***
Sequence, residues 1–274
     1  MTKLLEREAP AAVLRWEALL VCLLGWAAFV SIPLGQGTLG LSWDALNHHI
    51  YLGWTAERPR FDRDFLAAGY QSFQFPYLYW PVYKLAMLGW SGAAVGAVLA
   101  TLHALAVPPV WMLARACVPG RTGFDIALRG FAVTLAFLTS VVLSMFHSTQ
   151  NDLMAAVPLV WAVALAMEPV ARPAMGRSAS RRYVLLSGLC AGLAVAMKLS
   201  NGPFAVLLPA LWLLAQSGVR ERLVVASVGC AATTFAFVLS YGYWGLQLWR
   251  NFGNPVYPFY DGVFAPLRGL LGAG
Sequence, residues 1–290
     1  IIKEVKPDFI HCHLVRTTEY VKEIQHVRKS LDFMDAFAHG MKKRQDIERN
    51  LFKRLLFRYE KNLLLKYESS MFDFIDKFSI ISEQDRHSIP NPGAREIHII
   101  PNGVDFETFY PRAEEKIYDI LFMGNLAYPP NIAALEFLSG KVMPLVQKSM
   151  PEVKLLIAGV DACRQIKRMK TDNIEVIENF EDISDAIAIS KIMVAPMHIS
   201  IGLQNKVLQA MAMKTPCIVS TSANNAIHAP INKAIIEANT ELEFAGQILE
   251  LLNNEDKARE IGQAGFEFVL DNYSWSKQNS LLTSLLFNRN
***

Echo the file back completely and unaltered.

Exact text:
Sequence, residues 1–274
     1  MTKLLEREAP AAVLRWEALL VCLLGWAAFV SIPLGQGTLG LSWDALNHHI
    51  YLGWTAERPR FDRDFLAAGY QSFQFPYLYW PVYKLAMLGW SGAAVGAVLA
   101  TLHALAVPPV WMLARACVPG RTGFDIALRG FAVTLAFLTS VVLSMFHSTQ
   151  NDLMAAVPLV WAVALAMEPV ARPAMGRSAS RRYVLLSGLC AGLAVAMKLS
   201  NGPFAVLLPA LWLLAQSGVR ERLVVASVGC AATTFAFVLS YGYWGLQLWR
   251  NFGNPVYPFY DGVFAPLRGL LGAG
Sequence, residues 1–290
     1  IIKEVKPDFI HCHLVRTTEY VKEIQHVRKS LDFMDAFAHG MKKRQDIERN
    51  LFKRLLFRYE KNLLLKYESS MFDFIDKFSI ISEQDRHSIP NPGAREIHII
   101  PNGVDFETFY PRAEEKIYDI LFMGNLAYPP NIAALEFLSG KVMPLVQKSM
   151  PEVKLLIAGV DACRQIKRMK TDNIEVIENF EDISDAIAIS KIMVAPMHIS
   201  IGLQNKVLQA MAMKTPCIVS TSANNAIHAP INKAIIEANT ELEFAGQILE
   251  LLNNEDKARE IGQAGFEFVL DNYSWSKQNS LLTSLLFNRN